I had a go making brioche style rolls and they were yummy. They're not really soft like actual brioche, more akin to the firmer brioche burger buns you can buy. Basically just follow the Soft Loaf of Bread recipe on this forum except replace the warm water with two beaten eggs and enough milk to top up to 185 ml. I used easy blend yeast so didn't have to proof it first, but you could always just top the eggs up to 150ml liquid then use 35ml warm milk for proofing. Add an additional 2 tbsp butter than the soft loaf recipe calls for (i.e. 3 tbsp total butter) plus 1 tbsp brown sweetener. Shape into 6 rolls, proof for 1 hr, glaze with a little beaten egg & milk mixed together, then bake for around 20 mins at 180 deg c (check after 15 mins and turn the oven down to 160 deg c if they're getting too brown). Bacon and egg roll (with no added sugar ketchup!) - you can hopefully see how the crumb has a yellow tinge to it
Hello, first I would like to say thank you for creating this amazing flour. Me and my partner have been on the keto diet for a 6 weeks now. We were looking for the alternative flour to bake bread, rolls etc. We are going to continue using the flour even if we are not on restricted keto in the future. We are in love with the pita breads made of Ultra fine fibre flour. I have tried making rolls with UF but without the success. Waiting for the Fibreflour to bake rolls. I have used 300g UF flour, 20g of yeast (I have noticed that they raise much better, pockets- they develop better when the pita is thinner, proving- 1,5h, baked for 10-11 mins, finished on the frying pan with olive oil, I have also added garlic powder, black pepper and olive oil.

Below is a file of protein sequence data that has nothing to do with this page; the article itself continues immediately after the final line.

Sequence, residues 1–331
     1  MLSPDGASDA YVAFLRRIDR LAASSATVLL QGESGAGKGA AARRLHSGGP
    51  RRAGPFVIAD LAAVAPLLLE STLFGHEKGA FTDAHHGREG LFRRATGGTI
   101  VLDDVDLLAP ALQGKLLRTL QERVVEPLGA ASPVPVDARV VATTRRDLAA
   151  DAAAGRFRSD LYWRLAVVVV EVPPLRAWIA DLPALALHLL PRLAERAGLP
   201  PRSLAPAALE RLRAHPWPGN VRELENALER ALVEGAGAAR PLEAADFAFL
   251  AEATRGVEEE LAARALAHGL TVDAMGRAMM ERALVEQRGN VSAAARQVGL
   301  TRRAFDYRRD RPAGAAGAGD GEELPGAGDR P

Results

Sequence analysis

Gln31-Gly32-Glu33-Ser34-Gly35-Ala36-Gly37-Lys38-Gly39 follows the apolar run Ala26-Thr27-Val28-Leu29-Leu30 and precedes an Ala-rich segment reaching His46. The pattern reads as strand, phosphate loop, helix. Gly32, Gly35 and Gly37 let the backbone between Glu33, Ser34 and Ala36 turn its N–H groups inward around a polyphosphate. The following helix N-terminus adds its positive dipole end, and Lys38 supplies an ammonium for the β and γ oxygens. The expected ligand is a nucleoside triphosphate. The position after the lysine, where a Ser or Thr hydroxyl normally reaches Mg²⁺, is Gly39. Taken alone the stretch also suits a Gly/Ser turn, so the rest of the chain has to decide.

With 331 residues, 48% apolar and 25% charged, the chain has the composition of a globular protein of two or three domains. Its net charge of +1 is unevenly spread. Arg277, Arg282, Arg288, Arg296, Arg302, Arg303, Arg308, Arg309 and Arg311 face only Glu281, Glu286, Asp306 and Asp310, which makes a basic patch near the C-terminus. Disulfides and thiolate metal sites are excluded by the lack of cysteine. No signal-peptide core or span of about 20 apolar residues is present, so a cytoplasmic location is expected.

Chapattis seem easy (?) to make. e.g. 300 g chapatti flour, plus extra for dusting 5 tbsp ghee (clarified butter), to serve 175 ml water (you may need a little more or less) Put the flour into a bowl. Very slowly, mix in just enough of the measured water to bring the mixture together in a dough – you might not need all the water or you may need a little more, so add just a few drops at a time. This is the best way to achieve a dough that is the correct consistency: smooth but not sticky. Once the dough has come together, knead it on a clean surface for 2 minutes. Leave it to rest, either in a covered bowl or an airtight box, for 15–20 minutes. Divide the dough into 12 equal portions. Roll each portion into a ball in your hands, then roll each ball in a little flour to dust. Using a rolling pin, roll out each ball into a circle with a diameter of 15–18cm (6–7 inches). Heat a skillet over medium heat until hot. Carefully transfer 1 rolled-out portion of dough to the hot skillet and cook it for a few seconds on the first side, then turn. Allow the chapatti to bubble up a little on the second side, which will only take a few seconds, then turn it over again and cook for a few seconds, until it is golden and cooked through. Pressing gently on the edges with some kitchen paper or a clean tea towel will encourage the flatbread to puff up a little. Transfer the chapatti to a serving plate and spread a tiny amount of ghee across the top surface. Keep the chapatti warm while you repeat the process with the remaining portions of dough. Wrap them in foil or in a clean tea towel until ready to eat. Serve the chapatti hot. Courtesy of lovefood.com. Question. Chapatti flour is wholewheat based. Do I use Fiberflour or Ultrafine? Comments welcome before I dive in and experiment. Peter